What I'm trying to say is this: because I have access to a wide-ranging framework of imagery gained through several decades of worshipping and reading in a Christian context, I feel a resonance with Cohen's song. But if I were to attempt to explain it to a completely non-religious person, someone who has not grown up with the language, someone who has resolutely turned their back on such nebulous superstition, I would find it much harder - or at least, I would have to find another set of metaphors and different imagery to lay out that which I have a shorthand for.

So is all religion, in the end, set out in metaphor? My hero, the poet-priest R.S.Thomas, thought so. In a video clip the interviewer John Osmond asks RS Thomas whether his rôles as poet and priest conflict. No, he replies, because poetry is metaphor, and religion is also metaphor. He sees no conflict between administering the Christian sacraments, which are metaphor, and administering the metaphor of poetry. I have that video somewhere, though for want of a suitable connection to my TV I can no longer play it. But the memory of that interview sticks in my mind, and points to what I now recognise as my own position.

We use language to describe our experience. When we experience something new, we describe it in terms of the familiar, the known. When we continue to experience this, we perhaps change our similes into metaphor - so, God is no longer "like" something else (or like nothing we've ever experienced at all), God "is" something else. And then the attributes of the original something else become God's also, and the metaphor hardens with each accretion. Before you know where you are, God (or any other spiritual experience for which you originally had no words) has become solid, fixed, immutable - and lost something in the process.

I fear I'm drifting into territory where others, much more learned than I, already hold sway. Bear with me, folks - I'm doing this for myself. But the wonderful thing about Leonard Cohen's song - and about many, many more that he wrote in a lifelong pursuit of what he called "blackening pages" - is that he never himself explained what he meant. He left it to us to respond. And that, now that he's gone, is what people are doing in droves.

And this, I offer, is the antithesis of what I hate about organised religion. There is plenty to love, but rigid fundamentalism isn't part of that. Let's hear it for metaphor, and the freedom to respond: I do not care who takes this bloody hill.

Friday, January 06, 2017

At the year's turning ...NHS magic

A brief appreciation, on the Feast of the Epiphany, of an experience at the year's end. The year's end, when nothing is quite as normal, when people and institutions are not working at all, or on a shoestring before the next holiday, when the nights are long and dark and when often - as was the case last Thursday - the sun never really puts in an appearance and life seems suspended. It was on the evening of such a day, two days before Hogmanay, that I had occasion to make use of the Ambulance service and the A&E department in Dunoon's hospital. And before I get carried away, let me say one thing: they were wonderful.

A persistent cold virus has had every second person I know struggling over December, and it had caught me up over Christmas, so the day has been quiet, boring even, in a pleasant sort of way. This all changes when I am assailed by a searing pain that feels as if I'd been stabbed under the ribs (I haven't.) As it is actually the worst pain I've felt - even more so than childbirth - Mr B ends up dialling 999. It quickly becomes apparent, even to me, that people think I might be having a heart attack. (I'm not. I'm pretty sure of this, for some reason. Can one tell?) I think that when they hear my date of birth these days alarm bells ring. Besides, I am dripping in sweat, freezing to the touch, unable to stop trembling - you know the kind of thing. Quite dramatic.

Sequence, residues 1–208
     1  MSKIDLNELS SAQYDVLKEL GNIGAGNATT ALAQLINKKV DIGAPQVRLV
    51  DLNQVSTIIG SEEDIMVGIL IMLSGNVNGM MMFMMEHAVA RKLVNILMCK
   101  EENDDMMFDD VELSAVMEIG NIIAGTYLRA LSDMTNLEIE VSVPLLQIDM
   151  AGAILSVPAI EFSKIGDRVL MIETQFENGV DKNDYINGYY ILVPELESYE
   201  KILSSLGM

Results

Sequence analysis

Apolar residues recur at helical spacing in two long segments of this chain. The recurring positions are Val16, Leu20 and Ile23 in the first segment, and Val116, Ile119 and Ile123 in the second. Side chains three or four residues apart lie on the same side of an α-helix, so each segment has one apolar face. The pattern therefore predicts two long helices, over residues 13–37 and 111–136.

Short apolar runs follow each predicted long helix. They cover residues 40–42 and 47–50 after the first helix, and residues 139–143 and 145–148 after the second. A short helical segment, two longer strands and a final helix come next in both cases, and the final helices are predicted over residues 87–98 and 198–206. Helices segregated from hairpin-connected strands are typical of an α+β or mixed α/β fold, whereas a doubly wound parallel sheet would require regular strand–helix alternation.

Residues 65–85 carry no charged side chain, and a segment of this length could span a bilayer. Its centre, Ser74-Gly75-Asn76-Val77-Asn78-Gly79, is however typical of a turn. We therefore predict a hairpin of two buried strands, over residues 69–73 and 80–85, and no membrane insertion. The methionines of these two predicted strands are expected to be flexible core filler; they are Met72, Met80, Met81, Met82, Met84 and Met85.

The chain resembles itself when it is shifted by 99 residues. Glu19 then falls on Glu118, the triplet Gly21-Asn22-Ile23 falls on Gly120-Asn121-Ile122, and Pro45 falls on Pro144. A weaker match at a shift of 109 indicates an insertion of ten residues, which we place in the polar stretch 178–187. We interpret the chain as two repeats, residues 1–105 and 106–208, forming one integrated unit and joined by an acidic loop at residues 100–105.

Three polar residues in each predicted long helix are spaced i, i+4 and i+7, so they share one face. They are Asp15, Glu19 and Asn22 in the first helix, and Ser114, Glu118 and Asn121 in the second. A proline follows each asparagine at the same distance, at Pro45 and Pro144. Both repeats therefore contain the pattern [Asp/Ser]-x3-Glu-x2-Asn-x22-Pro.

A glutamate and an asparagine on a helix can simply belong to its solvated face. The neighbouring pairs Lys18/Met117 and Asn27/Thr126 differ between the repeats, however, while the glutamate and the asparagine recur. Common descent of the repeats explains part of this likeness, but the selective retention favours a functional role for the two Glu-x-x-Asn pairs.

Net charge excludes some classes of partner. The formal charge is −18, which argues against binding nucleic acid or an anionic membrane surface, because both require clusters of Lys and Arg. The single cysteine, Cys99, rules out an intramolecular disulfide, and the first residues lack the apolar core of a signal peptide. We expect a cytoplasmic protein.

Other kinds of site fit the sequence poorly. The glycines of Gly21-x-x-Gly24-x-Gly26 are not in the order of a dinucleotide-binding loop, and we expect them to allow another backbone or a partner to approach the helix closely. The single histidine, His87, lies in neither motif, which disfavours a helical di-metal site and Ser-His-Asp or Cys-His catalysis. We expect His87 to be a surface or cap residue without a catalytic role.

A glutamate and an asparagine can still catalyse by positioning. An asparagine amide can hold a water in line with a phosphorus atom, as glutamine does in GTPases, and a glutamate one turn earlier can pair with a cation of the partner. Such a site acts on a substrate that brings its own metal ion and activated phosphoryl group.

I find myself being assisted downstairs by a large man in green. He is making soothing remarks. There is another big man in the hall. Soon our sitting-room is full of green - uniforms, bags - tubes, paper things, a white oxygen cylinder, needles. They take an ECG, despite the contacts' sliding off periodically. Morphine. Anti-emetic. "Don't go to sleep on me!" Fascinated - even in this state - to realise that though the pain is still there I don't care so much. And I don't really care about anything but the pain in the first place.

Seventeen steps between our front door and the gate. Swaying down on a small chair to which I am strapped, worrying that the man behind me will have a hernia by the time he reaches the gate, realising that the gate is not held back by the big chuckie I've used since I was pulling a pram up and down, noting dispassionately that the lead paramedic is having to hold it open with one foot in order to get me through it. The blue light on the ambulance is flashing, as it has presumably flashed for the past 45 minutes. Oh, Lord - the neighbours. It is strangely difficult to transfer from seat to bed, but I get there somehow. The ambulance has rock-hard suspension and I hear myself groaning. And all the time the lead paramedic is telling me I'll be all right and not to worry, and somehow I am comforted and simply give up.

It's the same in A&E. One nurse, one doctor. The paramedics are there doing the handover and then they're gone. More stabs. A cannula. Somewhere along the line the pain recedes and I fall asleep. The whatever-it-is you lie on in A&E seems sublimely comfortable. I don't know what I dream and what is real.

I'm allowed to go home at 4am. Mr B is roused by a phone call, having been sent home before midnight, and I march out across the car park unaided. I am incredibly grateful for these people who rescued me, looked after me, restored me to myself. My own bed beckons. There is only one thing that perturbs me in this euphoric state ...

I have been wearing my EastEnders dressing gown. Vulgar and totally risible. Warm, comforting - yes, but not what one's mother would have tolerated. Perhaps I should buy a more decent one ... just in case?